- This event has passed.
June 7 - July 9
AGENDA’s second online-only event, like its first, was instigated by a social media post. Jennifer Celio has been on Jamie Wilson’s radar since early 2003 when she was included in Square Blue’s group show “When Women Dream”. Shortly after Celio was selected in the New American Paintings juried exhibition in print (vol. 49, Dec 2003/Jan 2004 with work that is quite different than the exhibition featured here. Since then Wilson has followed and collected Celio’s work for her private collection.
During the pandemic, Celio began making and posting very small works on her Facebook page. The images inspired by the graphics of the 60s and 70s were particularly intriguing to Wilson and she approached Celio about doing an exhibition of these types of works and possibly scale the size upward a bit. Originally the works were around 10” x 10” but seemed to cry out to be larger.
The graphics represented here are not merely paintings, they are multi media sculptures as well. Their graphic lines leave the canvas and tear out into space, curl up or wave appealingly and sometimes rejoin the canvas, sometimes remain suspended in space. though appearing delicate, the disjointed parts are actually quite sturdy and hold their carefully considered shapes. The viewer is left to interpret whether the escape of line from canvas is a commentary on the temporal nature of the work and the time period it represents or a deeper, more spiritual coming apart. Visually stunning and wonderfully playful, these joyous works are crated to stand the test of time.
Through my art practice, I’m encouraging a rekindling of our innate connection with nature while also provoking conversation about rampant consumption and waste, and larger unsustainable human practices as we hurtle towards an environmental tipping point. Bouncing between the glimmers of societal change and the stubborn realities of human behavior, my work explores the pressing issue of abuse of natural resources to fuel the disposable nature of objects in most human cultures. Utilizing and re-using items that would otherwise be discarded, I assemble sculptural pieces that seek to lessen my own impact while discussing the complicated human relationship with the natural world that has led to our collective disconnect from it.
I wanted to join the Girl Scouts when I was in elementary school-not for the camaraderie, or the badges of achievement, or for any activity other than the camping. I wanted to go camping because it meant being out in a forest, in the wilderness-a place I was unfamiliar with in my suburban life in Southern California. My family didn’t do outdoorsy excursions like camping or hiking. My parents never enrolled me in the Scouts, so this visceral experience of nature would have to wait until I was adult.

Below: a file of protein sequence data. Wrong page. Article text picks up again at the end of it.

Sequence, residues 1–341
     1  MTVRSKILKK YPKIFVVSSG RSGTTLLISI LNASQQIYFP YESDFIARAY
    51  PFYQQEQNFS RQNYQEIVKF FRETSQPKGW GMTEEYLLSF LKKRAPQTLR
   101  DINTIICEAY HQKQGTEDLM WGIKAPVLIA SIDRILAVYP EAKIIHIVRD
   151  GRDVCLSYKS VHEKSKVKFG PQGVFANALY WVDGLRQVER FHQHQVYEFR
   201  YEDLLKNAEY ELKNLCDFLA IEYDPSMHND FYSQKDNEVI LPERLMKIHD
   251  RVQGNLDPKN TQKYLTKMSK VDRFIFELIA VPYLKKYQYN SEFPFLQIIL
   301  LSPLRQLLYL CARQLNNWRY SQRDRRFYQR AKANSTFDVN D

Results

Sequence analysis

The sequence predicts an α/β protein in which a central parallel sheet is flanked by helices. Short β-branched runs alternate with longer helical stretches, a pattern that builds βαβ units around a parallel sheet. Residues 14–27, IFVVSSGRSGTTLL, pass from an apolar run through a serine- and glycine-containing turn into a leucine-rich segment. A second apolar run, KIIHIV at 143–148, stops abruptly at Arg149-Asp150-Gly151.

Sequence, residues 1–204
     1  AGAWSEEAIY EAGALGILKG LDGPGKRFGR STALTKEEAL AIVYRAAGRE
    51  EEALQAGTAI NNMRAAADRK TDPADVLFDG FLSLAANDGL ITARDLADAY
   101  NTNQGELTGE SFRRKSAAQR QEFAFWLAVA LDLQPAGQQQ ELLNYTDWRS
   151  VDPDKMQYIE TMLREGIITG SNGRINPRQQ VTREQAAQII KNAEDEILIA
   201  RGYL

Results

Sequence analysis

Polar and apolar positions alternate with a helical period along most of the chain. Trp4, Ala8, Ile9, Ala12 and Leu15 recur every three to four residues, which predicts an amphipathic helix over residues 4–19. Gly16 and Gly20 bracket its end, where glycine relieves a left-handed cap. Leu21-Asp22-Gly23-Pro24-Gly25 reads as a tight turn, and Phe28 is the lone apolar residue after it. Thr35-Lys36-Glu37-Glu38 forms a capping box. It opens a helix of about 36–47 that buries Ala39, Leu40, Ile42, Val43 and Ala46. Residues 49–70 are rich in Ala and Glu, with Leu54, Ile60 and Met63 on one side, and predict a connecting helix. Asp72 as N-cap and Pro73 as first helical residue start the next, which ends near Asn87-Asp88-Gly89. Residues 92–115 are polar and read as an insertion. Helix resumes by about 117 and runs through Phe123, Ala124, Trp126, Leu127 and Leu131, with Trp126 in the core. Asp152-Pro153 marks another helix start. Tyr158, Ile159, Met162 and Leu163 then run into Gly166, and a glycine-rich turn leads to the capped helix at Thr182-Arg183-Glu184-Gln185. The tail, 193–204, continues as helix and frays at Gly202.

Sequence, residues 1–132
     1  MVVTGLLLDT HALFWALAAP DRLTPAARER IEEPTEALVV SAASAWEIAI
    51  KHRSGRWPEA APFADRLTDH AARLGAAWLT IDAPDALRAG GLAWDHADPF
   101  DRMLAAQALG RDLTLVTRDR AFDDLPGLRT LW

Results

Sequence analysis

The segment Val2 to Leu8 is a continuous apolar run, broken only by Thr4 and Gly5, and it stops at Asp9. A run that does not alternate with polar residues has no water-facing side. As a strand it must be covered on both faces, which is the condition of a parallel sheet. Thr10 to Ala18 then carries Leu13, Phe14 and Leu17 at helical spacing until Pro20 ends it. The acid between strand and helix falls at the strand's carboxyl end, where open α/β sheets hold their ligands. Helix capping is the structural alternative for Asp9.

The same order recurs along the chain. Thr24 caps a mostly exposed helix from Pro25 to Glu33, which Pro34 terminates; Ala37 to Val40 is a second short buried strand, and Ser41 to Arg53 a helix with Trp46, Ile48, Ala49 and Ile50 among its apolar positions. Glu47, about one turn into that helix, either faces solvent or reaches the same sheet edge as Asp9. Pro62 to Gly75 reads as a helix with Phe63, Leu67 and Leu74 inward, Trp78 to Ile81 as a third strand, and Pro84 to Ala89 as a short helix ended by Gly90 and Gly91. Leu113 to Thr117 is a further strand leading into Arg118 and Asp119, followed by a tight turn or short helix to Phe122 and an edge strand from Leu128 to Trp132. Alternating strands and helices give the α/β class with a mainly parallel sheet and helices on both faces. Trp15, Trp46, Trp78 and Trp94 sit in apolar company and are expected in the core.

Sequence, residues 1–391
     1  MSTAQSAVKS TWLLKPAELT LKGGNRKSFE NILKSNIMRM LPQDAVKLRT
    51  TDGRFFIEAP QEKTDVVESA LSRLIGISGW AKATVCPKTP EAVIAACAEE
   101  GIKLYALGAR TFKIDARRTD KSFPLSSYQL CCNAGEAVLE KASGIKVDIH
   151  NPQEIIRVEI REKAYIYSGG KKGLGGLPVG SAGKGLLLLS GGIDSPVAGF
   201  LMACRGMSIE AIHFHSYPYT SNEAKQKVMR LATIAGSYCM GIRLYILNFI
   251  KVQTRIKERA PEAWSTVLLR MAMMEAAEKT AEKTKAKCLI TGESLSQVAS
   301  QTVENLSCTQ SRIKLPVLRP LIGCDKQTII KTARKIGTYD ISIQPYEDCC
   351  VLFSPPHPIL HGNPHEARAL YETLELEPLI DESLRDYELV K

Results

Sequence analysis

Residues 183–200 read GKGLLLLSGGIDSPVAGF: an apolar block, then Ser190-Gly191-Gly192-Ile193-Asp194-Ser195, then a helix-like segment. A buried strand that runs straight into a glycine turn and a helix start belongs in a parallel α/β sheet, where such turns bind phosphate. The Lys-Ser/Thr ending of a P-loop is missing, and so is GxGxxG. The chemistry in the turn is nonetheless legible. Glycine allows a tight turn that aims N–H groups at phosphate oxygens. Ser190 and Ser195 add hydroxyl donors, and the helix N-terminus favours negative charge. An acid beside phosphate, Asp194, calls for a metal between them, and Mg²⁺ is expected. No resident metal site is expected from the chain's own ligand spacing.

Early in my life, my relation to nature was more of an abstract concept via an interest in environmental issues. As an awareness of my place within the natural world developed, and I actually experienced the great outdoors, so did my environmental activism expand beyond my own small world. It seemed natural to explore these issues and concepts in my art practice. Throughout my art career, I have expressed my wonder at the mysteries and vastness of the natural landscape, along with my frustration with human ineptitude and carelessness in being caretakers of ecosystems. My focus is to be an advocate for the natural world.
In assemblage sculptures, mixed media paintings, and sculptural installations, I weave disparate components and techniques into works alluding to historical events and policies that illuminate humanity’s impact upon natural ecosystems. The pieces include beach trash, scraps, discards, and personal effects in order to minimize my use of new materials while playing with juxtapositions and conversations between these objects and more traditional art-making materials. I am also seeking to express concern at the human mindset that all objects are disposable, whether human made or natural. I want to initiate a discussion about the reality that everything we use and cast away never truly disappears, but rather is shuffled off to another location, or, at best, transformed into a new product. By combining the used and the new, the work explores this human attitude that all objects, species, structures, and ecosystems are expendable, temporary, designed solely for our consumption.
Taking an interdisciplinary approach, I employ drawing techniques, graphic design elements, watercolor painting, sewing and macramé skills, assemblage with found and salvaged objects, wall-based and free-standing installation constructs-often combining multiple facets into a single artwork. Material and conceptual contrasts serve to symbolize the collisions of human systems with the earth’s systems, underscoring the need to return to nature, to reset the balance, and to incorporate change into our everyday behavior.